Partial defoliation or even complete loss of plants due to insects, hail, mechanical damage or drought are unavoidable in vegetable crop production. The impact of this type of damage on yields and quality varies with the crop, the severity of damage, the timing of the loss and the number of plants left in the field after the damage event. In a study of the response of squash to varying degrees of defoliation, researchers in the North-Eastern U.S. showed that squash tolerated the loss of up to 33% of the total crop leaf area with no loss in yield … if the damage event occurred prior to fruit set. It did not appear to matter if the damage involved the complete loss of some plants as would occur in the event of mechanical damage or if each plant lost a portion of its total leaf area as would be typical in a hail event or with insect feeding. After fruit set, the crop was less able to tolerate this type of damage. In general, fields with high initial plant populations were better able to tolerate the loss of a few plants or the partial defoliation of the entire field. Partial defoliation had no impact on fruit quality … but did tend to decrease the average fruit size as crop maturity was delayed. In areas with a more limited growing season, crops may not have time to fully overcome the check in growth caused by a defoliation event. However, a crop’s ability to recover from any damage event can be improved if the grower implements appropriate management steps as soon as possible. A light application of N fertilizer, some water and treatment with a protectant fungicide may be all the TLC the crop needs.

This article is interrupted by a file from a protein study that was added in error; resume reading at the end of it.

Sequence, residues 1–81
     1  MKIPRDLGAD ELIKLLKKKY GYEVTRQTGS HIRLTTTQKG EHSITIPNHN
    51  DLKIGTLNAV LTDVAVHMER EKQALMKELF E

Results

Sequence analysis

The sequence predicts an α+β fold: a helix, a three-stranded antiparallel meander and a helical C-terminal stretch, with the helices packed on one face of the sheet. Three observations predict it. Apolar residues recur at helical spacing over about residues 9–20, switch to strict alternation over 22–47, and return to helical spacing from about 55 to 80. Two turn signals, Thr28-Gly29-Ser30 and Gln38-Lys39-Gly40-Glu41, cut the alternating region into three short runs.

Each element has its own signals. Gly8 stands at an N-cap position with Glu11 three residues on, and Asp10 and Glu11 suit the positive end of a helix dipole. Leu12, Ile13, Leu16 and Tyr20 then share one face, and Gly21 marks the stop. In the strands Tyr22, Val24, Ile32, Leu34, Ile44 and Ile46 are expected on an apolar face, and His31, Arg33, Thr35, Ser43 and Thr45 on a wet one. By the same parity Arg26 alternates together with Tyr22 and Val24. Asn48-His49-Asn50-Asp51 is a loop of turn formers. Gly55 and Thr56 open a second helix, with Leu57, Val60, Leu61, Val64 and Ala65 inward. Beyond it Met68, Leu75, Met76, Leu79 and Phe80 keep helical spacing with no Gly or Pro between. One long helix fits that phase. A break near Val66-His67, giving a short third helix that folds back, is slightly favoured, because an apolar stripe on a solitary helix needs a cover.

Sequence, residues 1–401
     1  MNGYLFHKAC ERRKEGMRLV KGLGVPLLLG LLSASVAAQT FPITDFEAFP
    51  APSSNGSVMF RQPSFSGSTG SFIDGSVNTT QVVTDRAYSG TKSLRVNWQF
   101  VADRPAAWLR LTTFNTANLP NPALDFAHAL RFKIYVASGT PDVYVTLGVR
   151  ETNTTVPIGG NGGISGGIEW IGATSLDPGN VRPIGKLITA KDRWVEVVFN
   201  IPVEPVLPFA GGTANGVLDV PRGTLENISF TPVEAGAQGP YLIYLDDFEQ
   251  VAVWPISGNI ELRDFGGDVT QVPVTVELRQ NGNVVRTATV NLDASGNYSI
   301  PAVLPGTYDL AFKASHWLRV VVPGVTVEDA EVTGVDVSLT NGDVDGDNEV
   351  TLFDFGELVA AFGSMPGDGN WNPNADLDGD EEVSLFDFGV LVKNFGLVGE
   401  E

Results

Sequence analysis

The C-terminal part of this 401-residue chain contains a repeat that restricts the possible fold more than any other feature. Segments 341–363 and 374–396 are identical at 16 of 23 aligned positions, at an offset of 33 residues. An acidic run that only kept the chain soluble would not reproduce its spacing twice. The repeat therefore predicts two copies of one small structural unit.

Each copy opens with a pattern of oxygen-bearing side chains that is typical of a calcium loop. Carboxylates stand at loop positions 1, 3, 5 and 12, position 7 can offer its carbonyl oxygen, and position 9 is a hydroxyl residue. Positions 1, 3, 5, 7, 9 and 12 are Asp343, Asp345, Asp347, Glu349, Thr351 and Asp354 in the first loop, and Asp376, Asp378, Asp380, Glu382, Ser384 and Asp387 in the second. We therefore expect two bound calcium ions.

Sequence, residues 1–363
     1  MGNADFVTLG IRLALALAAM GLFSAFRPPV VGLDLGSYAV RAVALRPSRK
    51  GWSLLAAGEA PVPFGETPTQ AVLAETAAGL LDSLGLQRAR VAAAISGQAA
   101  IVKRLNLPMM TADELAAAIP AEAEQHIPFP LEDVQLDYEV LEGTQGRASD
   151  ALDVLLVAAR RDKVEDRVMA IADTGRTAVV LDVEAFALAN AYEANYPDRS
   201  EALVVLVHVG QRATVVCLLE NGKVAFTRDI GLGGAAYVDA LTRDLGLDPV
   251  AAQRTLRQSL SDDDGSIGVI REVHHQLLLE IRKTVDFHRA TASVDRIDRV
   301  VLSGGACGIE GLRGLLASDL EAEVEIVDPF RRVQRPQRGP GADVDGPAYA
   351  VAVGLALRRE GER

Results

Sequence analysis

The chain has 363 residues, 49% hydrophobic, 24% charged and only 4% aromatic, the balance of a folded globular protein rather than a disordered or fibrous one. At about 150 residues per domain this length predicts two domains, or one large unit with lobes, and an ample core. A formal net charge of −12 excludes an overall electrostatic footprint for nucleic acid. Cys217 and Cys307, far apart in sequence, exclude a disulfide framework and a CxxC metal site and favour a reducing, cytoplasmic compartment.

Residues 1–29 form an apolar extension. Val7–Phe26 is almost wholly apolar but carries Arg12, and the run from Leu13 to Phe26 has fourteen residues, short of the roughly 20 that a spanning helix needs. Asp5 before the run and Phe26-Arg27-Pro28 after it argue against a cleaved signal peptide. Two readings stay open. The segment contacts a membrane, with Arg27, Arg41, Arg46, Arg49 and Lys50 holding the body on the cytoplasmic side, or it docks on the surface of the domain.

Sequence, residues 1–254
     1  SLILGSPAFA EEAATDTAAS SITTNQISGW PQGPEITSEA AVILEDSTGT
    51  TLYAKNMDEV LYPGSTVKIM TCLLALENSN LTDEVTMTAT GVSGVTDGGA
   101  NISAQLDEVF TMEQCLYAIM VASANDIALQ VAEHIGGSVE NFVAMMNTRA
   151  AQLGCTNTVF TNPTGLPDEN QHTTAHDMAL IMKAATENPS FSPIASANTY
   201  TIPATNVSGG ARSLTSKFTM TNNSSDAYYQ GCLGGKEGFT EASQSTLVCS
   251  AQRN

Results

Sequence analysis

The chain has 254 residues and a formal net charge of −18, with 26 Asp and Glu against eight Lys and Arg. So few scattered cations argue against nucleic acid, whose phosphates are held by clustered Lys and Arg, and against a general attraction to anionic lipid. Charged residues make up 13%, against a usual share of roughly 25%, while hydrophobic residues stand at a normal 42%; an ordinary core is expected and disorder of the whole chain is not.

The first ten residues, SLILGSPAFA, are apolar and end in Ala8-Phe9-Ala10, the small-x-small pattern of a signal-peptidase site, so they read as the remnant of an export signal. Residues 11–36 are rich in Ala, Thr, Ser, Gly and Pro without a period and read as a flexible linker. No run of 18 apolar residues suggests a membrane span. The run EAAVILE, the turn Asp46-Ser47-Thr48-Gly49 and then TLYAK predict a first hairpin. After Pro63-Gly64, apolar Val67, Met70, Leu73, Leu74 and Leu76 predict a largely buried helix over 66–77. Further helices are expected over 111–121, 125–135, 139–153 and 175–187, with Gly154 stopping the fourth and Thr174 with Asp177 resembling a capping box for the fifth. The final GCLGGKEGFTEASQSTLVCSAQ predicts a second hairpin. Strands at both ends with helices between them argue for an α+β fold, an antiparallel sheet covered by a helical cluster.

Source : Rangarajan, Ingall, Orzolek and Otjen (2003). HortTechnology 13:463-467.